Casey:
That should be cunt, right. [Jeff laughs]
Casey:
Which is you don’t want 800. I’m a busy body cunt.
Jeff:
764-NARK.
Casey:
Yeah, exactly.
Jeff:
Call 764-NARK and tell us about the other people who are in the HOV lane.
Casey:
Not the way it should go. Not the way it should go at all.
Jeff:
No, it’s not the way it should go.
Casey:
Okay, well, we have another link that we were going to talk about today, which was just awesome.
Jeff:
So, the part where I said we should do one link per show and you’re like “That’s a good idea.” You’re just [expletive] ignoring me.
Casey:
No. I was not ignoring you.
Jeff:
You’re just [expletive] ignoring me.
Casey:
Everything that we did so far was just like a smoke tangent.
Jeff:
That was a preparatory thing?
Casey:
Yeah.
Jeff:
That’s preparatory, was it?
Casey:
Yeah. It has to show.
Jeff:
How long have we gone?
Casey:
It’s throughout limit. [laughter]
Casey:
Don’t look at me like that. You participated in this awful waste of time. So, continue.
Jeff:
I have nothing to do with it.
Casey:
Go right into this, slick.
Jeff:
Nothing, nothing to do with it.
Casey:
So, I’m going to nail this link. That won’t matter. Everyone’s going to be interested in this link. They were about to talk about. . . They were not talking about it yet but this link is going to be amazing.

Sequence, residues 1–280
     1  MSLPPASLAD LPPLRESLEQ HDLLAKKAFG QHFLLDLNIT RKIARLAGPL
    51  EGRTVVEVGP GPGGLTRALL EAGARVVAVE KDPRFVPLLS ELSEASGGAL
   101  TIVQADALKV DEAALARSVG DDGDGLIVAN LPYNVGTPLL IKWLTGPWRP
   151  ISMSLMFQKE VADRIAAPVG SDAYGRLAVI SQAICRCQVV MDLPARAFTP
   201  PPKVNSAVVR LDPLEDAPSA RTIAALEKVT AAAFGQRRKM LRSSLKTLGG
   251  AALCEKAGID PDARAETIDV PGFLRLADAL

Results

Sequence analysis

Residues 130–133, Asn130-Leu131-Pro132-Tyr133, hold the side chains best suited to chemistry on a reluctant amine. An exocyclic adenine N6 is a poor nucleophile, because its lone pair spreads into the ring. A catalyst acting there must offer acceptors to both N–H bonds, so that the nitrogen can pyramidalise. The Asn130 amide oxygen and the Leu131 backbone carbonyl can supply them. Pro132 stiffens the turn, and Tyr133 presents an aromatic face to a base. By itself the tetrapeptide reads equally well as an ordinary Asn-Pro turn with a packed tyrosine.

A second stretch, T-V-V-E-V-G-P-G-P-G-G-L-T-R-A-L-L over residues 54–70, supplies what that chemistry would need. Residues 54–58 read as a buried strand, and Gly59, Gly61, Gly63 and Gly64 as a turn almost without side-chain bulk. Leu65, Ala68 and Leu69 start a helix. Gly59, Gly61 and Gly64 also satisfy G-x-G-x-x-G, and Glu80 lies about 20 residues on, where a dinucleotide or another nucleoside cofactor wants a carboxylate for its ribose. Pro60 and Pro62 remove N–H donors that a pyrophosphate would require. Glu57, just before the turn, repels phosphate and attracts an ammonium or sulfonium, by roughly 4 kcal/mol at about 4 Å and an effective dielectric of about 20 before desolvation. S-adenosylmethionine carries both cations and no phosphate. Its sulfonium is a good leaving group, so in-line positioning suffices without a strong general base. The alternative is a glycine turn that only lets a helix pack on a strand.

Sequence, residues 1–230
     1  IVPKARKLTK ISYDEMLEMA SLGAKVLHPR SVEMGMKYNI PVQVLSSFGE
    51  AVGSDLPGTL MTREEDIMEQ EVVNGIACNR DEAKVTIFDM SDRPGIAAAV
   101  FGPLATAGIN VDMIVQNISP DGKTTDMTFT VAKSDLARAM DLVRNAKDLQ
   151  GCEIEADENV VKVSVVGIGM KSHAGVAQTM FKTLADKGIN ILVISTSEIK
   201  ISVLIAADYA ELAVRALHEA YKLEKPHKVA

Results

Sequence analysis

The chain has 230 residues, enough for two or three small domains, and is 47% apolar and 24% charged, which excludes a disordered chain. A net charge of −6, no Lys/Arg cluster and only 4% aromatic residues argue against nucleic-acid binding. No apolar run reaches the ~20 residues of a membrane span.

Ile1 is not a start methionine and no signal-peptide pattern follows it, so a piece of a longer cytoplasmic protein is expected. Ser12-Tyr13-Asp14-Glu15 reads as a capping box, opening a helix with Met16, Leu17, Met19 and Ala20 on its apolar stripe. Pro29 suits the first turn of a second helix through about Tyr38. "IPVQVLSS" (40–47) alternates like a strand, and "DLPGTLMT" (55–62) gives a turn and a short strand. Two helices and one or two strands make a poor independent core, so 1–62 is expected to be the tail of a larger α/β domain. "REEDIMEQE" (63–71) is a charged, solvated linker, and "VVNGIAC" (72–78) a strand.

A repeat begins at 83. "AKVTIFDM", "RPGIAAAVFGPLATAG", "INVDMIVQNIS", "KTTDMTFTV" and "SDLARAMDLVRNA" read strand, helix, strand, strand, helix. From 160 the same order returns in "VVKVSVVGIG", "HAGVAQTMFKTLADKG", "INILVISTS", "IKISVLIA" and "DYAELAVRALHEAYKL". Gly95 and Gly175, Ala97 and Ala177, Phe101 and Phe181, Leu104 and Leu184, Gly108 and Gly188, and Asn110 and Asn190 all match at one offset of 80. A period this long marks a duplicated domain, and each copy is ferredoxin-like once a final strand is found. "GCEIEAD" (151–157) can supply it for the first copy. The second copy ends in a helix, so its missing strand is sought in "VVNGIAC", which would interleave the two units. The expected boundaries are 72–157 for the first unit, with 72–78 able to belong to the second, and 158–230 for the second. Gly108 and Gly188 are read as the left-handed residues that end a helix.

Jeff:
I still don’t even think we were done with the airport. I mean i. . .
Casey:
Do you still have more to go in the airport? Give me some more airport.
Jeff:
Well, it’s the. . .
Casey:
If you can stretch this for another 10 minutes, it’s a show. That’s the way to look at it.
Jeff:
Yeah, I’m saying pull it out. Pull it out, stretch it out.
Casey:
All right. Stretch it.
Jeff:
I mean we haven’t talked about half the [expletive] that happens at the airport?
Casey:
Okay.
Jeff:
So here’s the thing, right? They’re totally is super awesome about all the airport [expletive], right?
Casey:
All right?
Jeff:
It’s like this sort of mentality that anytime someone could be like sabotaging. . .
Casey:
Yeah.
Jeff:
The airport or the security of the airport.
Casey:
Yeah. It was code orange all the way through my flights.
Jeff:
The whole time. It’s like I just don’t get it. It’s like look all around you, right? Imagine all the ways in which people could kill hundreds of thousands of people around you in your daily life.